This chapter explores migration drivers and patterns and the effects of outward migration on rural economies in developing countries.

Most rural migrants move to cities or follow seasonal opportunities within their own countries. There are also large numbers of cross-border migrants. Their migration patterns are complex and can be explained, but rarely predicted, by migration theories. Both internal and cross-border migrants often face risks, hardship, and discrimination. Migration-averse media and politicians aggravate these problems.

Economic migrants are often single, young, able-bodied men and women, and their migration is often a group decision. This decision is largely based on perceived income differentials and supported by diaspora networks. The main migration aim is to generate remittances. These remittances reduce rural poverty – though not normally among those too poor to finance migration.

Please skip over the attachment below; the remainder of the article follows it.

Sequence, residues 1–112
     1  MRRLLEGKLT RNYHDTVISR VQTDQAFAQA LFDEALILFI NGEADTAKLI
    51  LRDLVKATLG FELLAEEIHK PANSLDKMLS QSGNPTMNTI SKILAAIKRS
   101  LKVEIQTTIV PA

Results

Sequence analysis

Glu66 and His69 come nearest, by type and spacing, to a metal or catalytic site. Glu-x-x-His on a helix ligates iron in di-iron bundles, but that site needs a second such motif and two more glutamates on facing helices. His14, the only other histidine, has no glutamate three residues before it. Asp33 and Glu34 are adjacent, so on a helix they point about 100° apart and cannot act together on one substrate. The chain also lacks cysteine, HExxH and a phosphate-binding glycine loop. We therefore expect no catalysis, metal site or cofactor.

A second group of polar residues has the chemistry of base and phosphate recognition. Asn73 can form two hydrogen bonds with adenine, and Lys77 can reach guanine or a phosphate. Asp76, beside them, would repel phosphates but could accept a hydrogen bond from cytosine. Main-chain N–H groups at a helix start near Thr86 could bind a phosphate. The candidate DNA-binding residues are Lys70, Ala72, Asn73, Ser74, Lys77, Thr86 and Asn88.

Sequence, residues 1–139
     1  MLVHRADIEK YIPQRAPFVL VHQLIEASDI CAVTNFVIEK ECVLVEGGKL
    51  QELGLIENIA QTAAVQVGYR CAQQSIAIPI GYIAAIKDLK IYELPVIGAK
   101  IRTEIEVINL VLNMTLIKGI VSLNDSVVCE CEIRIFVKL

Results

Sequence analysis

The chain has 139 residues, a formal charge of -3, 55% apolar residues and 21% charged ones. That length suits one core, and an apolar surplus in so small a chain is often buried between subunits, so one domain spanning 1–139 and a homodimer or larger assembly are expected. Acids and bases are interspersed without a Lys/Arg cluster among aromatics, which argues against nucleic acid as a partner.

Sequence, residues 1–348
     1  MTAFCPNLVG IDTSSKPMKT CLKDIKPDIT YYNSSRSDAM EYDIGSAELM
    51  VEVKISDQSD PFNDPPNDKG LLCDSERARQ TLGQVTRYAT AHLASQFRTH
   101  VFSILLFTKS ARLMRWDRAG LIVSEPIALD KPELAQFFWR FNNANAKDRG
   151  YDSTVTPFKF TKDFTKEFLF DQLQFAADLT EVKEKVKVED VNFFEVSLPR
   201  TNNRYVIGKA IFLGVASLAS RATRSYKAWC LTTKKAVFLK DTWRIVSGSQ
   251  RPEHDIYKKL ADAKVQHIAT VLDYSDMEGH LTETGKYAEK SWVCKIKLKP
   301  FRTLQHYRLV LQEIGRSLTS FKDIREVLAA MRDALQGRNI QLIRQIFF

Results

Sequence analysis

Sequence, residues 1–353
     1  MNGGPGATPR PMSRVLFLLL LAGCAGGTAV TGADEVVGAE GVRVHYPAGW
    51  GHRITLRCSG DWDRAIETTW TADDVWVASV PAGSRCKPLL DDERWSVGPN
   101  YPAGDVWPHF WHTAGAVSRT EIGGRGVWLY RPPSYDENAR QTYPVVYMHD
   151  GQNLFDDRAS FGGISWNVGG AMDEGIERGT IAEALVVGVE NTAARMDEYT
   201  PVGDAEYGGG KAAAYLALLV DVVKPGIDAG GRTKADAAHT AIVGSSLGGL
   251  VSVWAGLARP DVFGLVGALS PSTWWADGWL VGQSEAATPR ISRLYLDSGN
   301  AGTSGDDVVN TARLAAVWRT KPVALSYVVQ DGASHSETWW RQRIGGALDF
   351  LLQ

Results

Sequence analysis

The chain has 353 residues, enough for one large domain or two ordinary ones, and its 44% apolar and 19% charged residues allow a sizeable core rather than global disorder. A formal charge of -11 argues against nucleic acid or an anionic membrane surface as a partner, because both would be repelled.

For rural regions, migration is not ‘good’ or ‘bad’, but a phenomenon that accelerates and amplifies the results of government policies, attitudes, and practices that either facilitate or impede local economic activity and other forms of development.